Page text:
Cannabis Businesses Are Also Feeling Supply Chain Woes

By Rick Gonzales | 1 month ago

cannabis

As the COVID pandemic slowly rolls on, the country, as well as the rest of the world, is truly beginning to feel the pain and consequences of each and every variant that no vaccine or booster has yet to solve. We’ve faced lockdowns and mandates that have caused not only workforce issues but supply chain ones as well. Basic materials are finding it difficult to reach their destination. One industry, though, has been almost impervious to these troubles – the cannabis industry.

Until recently, the U.S. cannabis industry has seen little trouble. But now, it too is beginning to feel the pinch of the stunted supply chain that is leaving many to wonder just how much their next joint, bong, or vape is going to cost them.

The US’s desire for cheaply made products from China is the driving force here. Recent rolling power outages in China have affected six out of the 13 components that are used to build a cannabis vape. Of course, the global problem with the supply chain isn’t helping but that isn’t the only issue that may see the rise in cannabis vape prices. The Lunar New Year is almost here.

The Lunar New Year is a festival typically celebrated in China and other Asian countries that will surely affect production moving forward as workers will take longer holidays. The Lunar New Year is set for February 1, 2022. Combine this with the issues already seen and the cannabis industry expects to see more disruptions and longer delays.

The Blinc Group is a vape maker that gets much of its hardware from China. CEO Arnaud Dumas de Rauly expects these delays and disruptions to last well into next year.

“I believe this issue will go on at least until the end of May,” Dumas de Rauly told Bloomberg. “It’s not just vape devices. The raw materials for the equipment that fills them with cannabis, the LEDs for the grow houses — all of it comes from China.”

To go along with all that, the cannabis industry is now also greatly affected by the computer chip shortage as well. Like most companies who rely on computer chips for their technology devices, the Blinc Group and other vape makers use chips for vaping marijuana.

For the longest time, the cannabis industry has had little concern with the supply chain troubles as most of their product comes locally. With pot being a Schedule I substance, companies must grow and process the green leaf in the state where it is to be sold unless they wish to enter legal ramifications. However, supply chains that are state-specific can only do so much to protect the industry.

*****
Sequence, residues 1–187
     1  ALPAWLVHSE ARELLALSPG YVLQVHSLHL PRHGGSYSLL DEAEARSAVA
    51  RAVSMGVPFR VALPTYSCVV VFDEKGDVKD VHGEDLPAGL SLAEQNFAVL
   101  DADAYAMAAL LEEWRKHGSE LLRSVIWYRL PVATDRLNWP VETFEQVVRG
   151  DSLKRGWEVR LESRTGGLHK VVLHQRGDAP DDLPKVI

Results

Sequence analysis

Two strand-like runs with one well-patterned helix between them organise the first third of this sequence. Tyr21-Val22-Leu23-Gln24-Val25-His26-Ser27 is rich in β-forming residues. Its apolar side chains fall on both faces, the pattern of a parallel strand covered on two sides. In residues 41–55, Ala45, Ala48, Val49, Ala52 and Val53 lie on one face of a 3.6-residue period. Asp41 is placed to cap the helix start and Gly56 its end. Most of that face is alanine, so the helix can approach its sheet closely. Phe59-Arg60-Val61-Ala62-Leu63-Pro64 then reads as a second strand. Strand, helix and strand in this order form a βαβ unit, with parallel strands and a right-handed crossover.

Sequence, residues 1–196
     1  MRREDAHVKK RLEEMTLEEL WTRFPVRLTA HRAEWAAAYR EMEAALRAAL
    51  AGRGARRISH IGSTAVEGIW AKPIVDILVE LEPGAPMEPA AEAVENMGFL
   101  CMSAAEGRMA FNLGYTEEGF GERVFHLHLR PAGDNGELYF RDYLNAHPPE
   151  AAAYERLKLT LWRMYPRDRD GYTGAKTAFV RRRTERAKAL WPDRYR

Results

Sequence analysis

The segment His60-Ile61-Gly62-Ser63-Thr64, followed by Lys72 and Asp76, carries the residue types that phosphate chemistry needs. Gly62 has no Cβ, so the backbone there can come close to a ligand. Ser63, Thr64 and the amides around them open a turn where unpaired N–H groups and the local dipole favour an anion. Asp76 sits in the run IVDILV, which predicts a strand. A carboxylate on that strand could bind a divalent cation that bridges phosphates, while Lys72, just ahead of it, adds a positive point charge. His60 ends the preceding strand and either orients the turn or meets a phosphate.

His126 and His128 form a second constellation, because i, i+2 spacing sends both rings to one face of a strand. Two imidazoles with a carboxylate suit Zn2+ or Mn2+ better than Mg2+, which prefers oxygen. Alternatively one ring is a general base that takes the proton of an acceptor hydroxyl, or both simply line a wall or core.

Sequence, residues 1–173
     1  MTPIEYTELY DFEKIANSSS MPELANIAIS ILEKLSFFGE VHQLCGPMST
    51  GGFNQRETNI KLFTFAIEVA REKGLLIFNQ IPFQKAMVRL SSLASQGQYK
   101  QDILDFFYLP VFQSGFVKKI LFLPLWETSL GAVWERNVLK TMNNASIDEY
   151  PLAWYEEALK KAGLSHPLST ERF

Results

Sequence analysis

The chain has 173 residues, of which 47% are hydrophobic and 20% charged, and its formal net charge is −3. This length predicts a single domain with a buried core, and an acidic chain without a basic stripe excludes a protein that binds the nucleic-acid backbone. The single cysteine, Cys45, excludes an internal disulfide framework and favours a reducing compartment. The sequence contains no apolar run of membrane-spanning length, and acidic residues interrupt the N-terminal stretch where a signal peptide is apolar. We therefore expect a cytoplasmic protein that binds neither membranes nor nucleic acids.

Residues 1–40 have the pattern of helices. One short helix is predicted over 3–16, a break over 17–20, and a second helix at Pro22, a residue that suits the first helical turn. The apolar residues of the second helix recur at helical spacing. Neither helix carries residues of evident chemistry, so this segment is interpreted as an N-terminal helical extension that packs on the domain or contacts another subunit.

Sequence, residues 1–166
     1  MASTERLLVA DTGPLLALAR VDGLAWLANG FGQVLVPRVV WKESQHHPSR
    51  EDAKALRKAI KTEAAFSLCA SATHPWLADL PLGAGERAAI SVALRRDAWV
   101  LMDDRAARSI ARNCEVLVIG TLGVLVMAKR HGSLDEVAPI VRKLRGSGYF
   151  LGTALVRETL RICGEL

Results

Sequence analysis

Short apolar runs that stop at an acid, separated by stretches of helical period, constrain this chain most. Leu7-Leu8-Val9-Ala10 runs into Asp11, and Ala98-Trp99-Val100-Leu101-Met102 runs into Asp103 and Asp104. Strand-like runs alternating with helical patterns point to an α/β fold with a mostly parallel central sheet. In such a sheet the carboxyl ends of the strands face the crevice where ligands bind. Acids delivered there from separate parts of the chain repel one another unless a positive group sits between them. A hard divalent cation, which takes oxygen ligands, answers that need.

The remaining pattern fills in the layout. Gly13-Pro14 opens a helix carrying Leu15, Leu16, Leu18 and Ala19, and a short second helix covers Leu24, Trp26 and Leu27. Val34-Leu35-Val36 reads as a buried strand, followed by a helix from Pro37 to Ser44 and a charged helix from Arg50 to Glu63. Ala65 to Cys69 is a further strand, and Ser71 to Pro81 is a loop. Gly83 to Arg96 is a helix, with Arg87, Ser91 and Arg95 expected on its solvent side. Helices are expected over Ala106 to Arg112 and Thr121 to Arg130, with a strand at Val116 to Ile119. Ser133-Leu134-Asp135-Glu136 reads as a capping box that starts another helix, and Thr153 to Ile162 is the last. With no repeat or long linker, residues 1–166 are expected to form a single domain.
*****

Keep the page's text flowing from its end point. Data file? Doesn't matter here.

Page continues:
Josh Krane is the vice president of operations for 4Front Ventures in California. They have their operations scattered throughout the country in California, Michigan, Washington, Illinois, and Massachusetts. Krane says they haven’t yet seen any shortages of raw materials, but his company is already seeing issues from shipping delays.

supply chain

“We’re trying to order ahead — we’re not paying more, but we’re paying upfront, also we’ve begun to source domestic pools of inventory,” he said. He also said that he put down deposits for goods they won’t need until April, May, or June of next year. They are definitely hedging bets on the chance that things get worse before they get better.

Thankfully for all you “rollers” out there, Blinc and 4Front have been able to avoid passing along rising costs to consumers as the prepaying in advance and finding alternate suppliers has been working. They are just not sure they can continue keeping prices where they are currently sitting.

So far this year, prices of green goodies have dropped dramatically. According to Cannabis Benchmarks, the average spot price for marijuana at the end of November rolled in at $1,290 a pound, which was a 19.1% drop from a year ago.

While this is sure to put a smile on many faces, Krane notes that when the supply-chain issues finally hit, they are going to affect the fun products such as packaged pre-rolled joints and vape cartridges. The green bud price itself probably won’t see a rise in price.

“Cannabis products should be getting cheaper for the consumer,” Krane said. “But they’re not.” In fact, he added, prices for these products should be dropping significantly if it weren’t for the supply-chain issues that are causing inflation.

You know things are bad when getting high is about to cause more stress. Sorry smokers and tokers, you may have to go back to the old way of doing things.